The city of Beijing is busily preparing for the congressional season beginning later this month. The delayed annual sessions of the Chinese parliament and top political advisory body, aka “two sessions,” will finally be convened in the aftermath of the Covid-19 scourge, which upended the country’s politics this spring.
Deputies of the National People’s Congress from all provinces, municipalities and autonomous regions nationwide will congregate next Friday in the Great Hall of the People to be briefed on the work of the central government by Premier Li Keqiang. Representatives of the Chinese People’s Political Consultative Conference will meet a day earlier in the same Tiananmen Square venue to hear a report by its chairman.
All eyes will be on the officials and delegates from the central megacity of Wuhan and the rest of Hubei province, the ground zero of the novel coronavirus contagion that has swept the globe. They will likely reflect on their response to the health calamity, and answer questions, with hindsight, on whether they should have acted on the alerts earlier and not smothered whistleblowers.
But it appears that reporters, especially those from overseas, will not be allowed too much liberty to pursue delegates for scoops or throw questions at them during press conferences, as the quota and available permits for them have been slashed under the pretext of post-pandemic control. There will be no repeat of the usual sight of reporters mobbing ministers and personages in a scrum as seen in past two sessions.
The latest news from the All-China Journalists’ Association is that only those with the “big four” state media outlets – Xinhua News Agency, People’s Daily, China National Radio and China Central Television – will be given “hall passes” to access all rooms and breakout panel discussions inside the Great Hall of the People.
Fewer journalists will be allowed into the venue as organizers aim to ensure zero risk of cross-infection. Photo: WeChat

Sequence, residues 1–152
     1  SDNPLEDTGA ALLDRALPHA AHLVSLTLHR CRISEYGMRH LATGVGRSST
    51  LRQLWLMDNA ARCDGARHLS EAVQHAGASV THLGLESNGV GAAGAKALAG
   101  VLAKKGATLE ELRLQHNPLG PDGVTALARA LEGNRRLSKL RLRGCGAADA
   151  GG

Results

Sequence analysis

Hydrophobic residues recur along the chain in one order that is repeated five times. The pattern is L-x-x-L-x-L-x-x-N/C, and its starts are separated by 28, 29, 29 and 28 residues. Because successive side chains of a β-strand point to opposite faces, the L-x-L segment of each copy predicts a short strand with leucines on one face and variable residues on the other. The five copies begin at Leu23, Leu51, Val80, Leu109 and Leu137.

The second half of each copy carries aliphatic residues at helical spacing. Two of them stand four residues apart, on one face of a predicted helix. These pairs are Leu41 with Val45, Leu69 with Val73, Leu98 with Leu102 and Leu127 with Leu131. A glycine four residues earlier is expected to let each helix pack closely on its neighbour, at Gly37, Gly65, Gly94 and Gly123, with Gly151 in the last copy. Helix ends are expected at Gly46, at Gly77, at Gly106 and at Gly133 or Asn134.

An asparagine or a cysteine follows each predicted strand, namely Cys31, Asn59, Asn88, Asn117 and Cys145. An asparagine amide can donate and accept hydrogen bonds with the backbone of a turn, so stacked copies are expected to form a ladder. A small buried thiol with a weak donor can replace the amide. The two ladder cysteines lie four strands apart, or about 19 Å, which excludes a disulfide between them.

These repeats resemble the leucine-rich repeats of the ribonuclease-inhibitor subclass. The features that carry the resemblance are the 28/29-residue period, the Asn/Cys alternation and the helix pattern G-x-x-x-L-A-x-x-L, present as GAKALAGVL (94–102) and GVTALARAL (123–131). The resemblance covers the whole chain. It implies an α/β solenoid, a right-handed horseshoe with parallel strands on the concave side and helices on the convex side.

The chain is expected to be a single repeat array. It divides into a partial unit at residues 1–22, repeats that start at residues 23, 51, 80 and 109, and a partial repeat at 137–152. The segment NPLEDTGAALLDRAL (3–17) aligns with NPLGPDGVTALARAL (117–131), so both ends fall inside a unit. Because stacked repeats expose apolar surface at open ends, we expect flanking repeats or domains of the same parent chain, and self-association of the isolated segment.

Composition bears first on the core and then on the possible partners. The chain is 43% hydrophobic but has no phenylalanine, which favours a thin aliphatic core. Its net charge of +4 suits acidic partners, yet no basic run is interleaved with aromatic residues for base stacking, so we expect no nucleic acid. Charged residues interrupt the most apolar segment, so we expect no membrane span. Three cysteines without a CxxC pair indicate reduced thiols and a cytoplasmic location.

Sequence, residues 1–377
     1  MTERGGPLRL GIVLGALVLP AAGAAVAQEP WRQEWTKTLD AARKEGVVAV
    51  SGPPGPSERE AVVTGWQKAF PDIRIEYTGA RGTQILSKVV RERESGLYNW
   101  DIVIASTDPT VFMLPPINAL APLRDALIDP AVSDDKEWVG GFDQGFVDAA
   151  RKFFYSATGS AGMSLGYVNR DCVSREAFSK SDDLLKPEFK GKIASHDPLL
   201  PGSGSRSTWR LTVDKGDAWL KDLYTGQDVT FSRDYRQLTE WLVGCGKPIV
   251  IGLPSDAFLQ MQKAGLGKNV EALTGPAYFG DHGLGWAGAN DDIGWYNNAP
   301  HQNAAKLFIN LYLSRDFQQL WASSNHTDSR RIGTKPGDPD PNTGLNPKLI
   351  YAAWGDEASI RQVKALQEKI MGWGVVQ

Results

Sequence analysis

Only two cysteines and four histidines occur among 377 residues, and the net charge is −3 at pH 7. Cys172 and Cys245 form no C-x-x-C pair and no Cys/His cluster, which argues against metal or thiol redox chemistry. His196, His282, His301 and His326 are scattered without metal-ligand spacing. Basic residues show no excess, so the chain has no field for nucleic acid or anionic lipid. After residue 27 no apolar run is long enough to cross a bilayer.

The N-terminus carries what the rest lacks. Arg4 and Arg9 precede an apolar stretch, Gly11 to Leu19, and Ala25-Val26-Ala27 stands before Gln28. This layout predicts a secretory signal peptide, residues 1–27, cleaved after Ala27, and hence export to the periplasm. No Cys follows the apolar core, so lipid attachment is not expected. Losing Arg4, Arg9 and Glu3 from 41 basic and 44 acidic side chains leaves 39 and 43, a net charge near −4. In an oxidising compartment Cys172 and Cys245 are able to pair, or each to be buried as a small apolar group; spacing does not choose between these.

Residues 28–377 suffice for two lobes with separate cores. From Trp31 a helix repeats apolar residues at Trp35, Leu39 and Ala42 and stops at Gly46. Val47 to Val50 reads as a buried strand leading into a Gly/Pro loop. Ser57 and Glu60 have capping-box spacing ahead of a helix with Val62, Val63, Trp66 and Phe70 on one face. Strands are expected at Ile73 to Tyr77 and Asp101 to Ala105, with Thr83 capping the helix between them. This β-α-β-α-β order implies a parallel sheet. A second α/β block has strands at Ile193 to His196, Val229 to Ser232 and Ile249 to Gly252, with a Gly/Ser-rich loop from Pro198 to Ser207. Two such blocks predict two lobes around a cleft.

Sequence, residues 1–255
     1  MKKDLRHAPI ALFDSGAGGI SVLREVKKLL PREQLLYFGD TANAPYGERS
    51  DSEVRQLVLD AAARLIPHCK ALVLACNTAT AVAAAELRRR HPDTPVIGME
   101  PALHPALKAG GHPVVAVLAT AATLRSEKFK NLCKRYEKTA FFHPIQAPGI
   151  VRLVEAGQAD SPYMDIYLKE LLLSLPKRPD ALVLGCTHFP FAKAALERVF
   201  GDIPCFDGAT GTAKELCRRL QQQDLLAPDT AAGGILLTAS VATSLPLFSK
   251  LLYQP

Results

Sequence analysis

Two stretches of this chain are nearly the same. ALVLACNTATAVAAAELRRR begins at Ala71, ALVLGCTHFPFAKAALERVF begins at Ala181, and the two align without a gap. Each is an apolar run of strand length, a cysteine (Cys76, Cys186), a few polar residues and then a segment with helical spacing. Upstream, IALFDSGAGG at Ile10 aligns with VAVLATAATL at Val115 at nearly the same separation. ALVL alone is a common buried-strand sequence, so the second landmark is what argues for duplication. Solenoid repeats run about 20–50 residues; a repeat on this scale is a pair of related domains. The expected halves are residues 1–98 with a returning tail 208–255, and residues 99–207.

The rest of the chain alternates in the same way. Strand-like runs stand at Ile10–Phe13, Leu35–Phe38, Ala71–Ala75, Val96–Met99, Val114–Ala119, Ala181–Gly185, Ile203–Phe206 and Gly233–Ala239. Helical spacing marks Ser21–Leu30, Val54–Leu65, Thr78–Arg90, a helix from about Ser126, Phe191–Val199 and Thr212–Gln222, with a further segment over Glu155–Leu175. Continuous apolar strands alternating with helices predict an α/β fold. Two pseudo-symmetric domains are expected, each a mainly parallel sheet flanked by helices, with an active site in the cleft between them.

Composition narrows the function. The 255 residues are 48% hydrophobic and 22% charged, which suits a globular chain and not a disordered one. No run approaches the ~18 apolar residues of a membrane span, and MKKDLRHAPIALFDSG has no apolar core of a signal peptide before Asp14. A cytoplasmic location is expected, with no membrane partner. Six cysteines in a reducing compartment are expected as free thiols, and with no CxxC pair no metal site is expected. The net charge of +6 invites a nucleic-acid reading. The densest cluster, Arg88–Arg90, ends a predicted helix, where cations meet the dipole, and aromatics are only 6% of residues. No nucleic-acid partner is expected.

All proceedings, including press conferences, will be streamlined and held via video if possible. The number of journalists, photographers and cameramen who can attend the premier’s press conference, to be held upon the conclusion of the two sessions, will be more than halved to half of the seating capacity of the Golden Foyer. Those media organizations who cannot dispatch reporters, like those from overseas whose work may be hobbled by the 14-day quarantine order, may have to reply on pool feeds and pool spray images to cover the PNC plenary meeting on May 22 and the premier’s question-and-answer session.
Aides of state leaders, health experts and Beijing’s municipal officials have reportedly worked out guidelines to eliminate any risk of the virus creeping into the Great Hall of the People, with one focus on the deep cleaning and disinfection of the state building’s air-conditioning systems. That is because President Xi Jinping and other party and state leaders are set to preside over the two sessions’ plenary meetings and sit in the same hall with all the 5,000-plus NPC and CPPCC deputies for hours for the biggest annual ritual of Chinese politics, an event that is mocked by some critics as a “hurrah ceremony” as Beijing seeks to restore normalcy. Another thing to watch is whether these attendees will all wear masks.
But risks are still lurking beneath the surface of a remission of the epidemic.
The specter of Covid-19 has returned to haunt Wuhan since this week with sporadic cases reported there. As a precaution, it is said that Wuhan delegates will stay at a separate hotel requisitioned by Beijing’s municipal government as a quarantine facility and they will not mingle with others, other than when attending plenary meetings.
Still, Xi or Li may attend a special panel discussion with representatives from Wuhan and Hubei to shore up sentiments and unveil more policies to reboot the battered economy there.
Those from the three northeastern provinces – Heilongjiang, Jilin and Liaoning where local outbreaks have been spiraling out of control – will also limit their interactions with anyone else. Heilongjiang’s provincial capital Harbin has been placed under a semi-lockdown following a steady increase in cases when Chinese expats fled the disease in Russia, and another city in Jilin along the border with North Korea is also sealed off.
A Xinhua reporter told Asia Times that deputies from other provinces would first have to go through 14 days of home quarantine, report body temperature changes and be tested for the virus, before they could fly into Beijing next week.
The biggest takeaway from the two sessions can be Beijing’s revised GDP growth target. It remains to be seen how resigned Beijing is to the trend of stalled economic expansion, like by halving the annual target to 3%, or whether it will scrap this year’s goal altogether.
Ma Jun, an economist who sits on the People’s Bank of China’s monetary policy committee, told reporters last week that with the two sessions delayed from March to May, it no longer made sense to set a GDP growth target for the year when five months had already passed.